February 28, 1967 James Anderson, Jr., the first African American United States Marine recipient of the Medal of Honor, died in action.
Anderson was born January 22, 1947 in Los Angeles, California. He enlisted in the marines in 1966.
He was promoted to private first class after graduating from recruit training and sent to Vietnam as a rifleman, 2nd Platoon, Company F, 2nd Battalion, 3rd Marine Division. On this date, his actions earned him the medal, America’s highest military decoration. His citation partially reads, “Company F was advancing in dense jungle northeast of Cam Lo in an effort to extract a heavily besieged reconnaissance patrol. Private First Class Anderson’s platoon was the lead element and had advanced only about 200 meters when they were brought under extremely intense enemy small arms and automatic weapons fire. The platoon reacted swiftly, getting on line as best they could in the thick terrain, and begun returning fire. Private First Class Anderson found himself tightly bunched together with the other members of the platoon only 20 meters from the enemy positions. As the fire fight continued several of the men were wounded by the deadly enemy assault. Suddenly, an enemy grenade landed in the midst of the Marines and rolled alongside Private First Class Anderson’s head. Unhesitatingly and with complete disregard for his own personal safety, he reached out, grasped the grenade, pulled it to his chest and curled around it as it went off. Although several Marines received shrapnel from the grenade, his body absorbed the major force of the explosion. In this singular heroic act, Private First Class Anderson saved his comrades from serious injury and possible death.”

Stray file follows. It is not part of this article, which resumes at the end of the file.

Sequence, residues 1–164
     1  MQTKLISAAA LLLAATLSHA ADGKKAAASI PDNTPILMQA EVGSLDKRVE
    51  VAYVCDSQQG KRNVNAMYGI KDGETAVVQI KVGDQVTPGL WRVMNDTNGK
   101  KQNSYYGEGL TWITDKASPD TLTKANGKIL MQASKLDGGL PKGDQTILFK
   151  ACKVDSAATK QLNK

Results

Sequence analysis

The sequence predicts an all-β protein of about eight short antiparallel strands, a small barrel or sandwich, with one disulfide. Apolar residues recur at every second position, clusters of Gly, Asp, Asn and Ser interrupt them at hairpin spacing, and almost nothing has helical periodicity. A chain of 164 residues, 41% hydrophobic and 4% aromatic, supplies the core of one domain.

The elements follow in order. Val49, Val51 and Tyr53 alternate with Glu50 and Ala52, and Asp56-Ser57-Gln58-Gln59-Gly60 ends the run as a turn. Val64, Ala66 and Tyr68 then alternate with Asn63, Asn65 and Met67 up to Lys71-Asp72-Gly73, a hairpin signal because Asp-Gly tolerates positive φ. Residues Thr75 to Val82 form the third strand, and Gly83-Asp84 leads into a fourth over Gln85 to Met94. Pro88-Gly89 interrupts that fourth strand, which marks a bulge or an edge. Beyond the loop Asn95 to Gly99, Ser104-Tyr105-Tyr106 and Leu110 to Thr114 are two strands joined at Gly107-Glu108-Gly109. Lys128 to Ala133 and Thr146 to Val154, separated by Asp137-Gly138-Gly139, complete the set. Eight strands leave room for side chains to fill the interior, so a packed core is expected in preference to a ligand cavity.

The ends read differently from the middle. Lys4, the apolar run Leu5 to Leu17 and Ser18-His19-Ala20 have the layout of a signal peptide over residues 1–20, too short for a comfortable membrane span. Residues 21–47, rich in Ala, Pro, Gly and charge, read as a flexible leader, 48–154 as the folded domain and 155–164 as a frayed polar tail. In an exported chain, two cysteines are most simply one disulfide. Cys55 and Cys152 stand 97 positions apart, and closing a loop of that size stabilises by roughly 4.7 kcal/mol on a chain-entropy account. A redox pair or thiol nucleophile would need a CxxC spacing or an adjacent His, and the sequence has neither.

In recognition, the Medal of Honor was posthumously presented to Anderson’s family by President Lyndon B. Johnson on August 21, 1968. The United States Navy preposition ship, PFC. James Anderson, Jr., and the James Anderson, Jr. Memorial Park in Carson, California are named in his honor.
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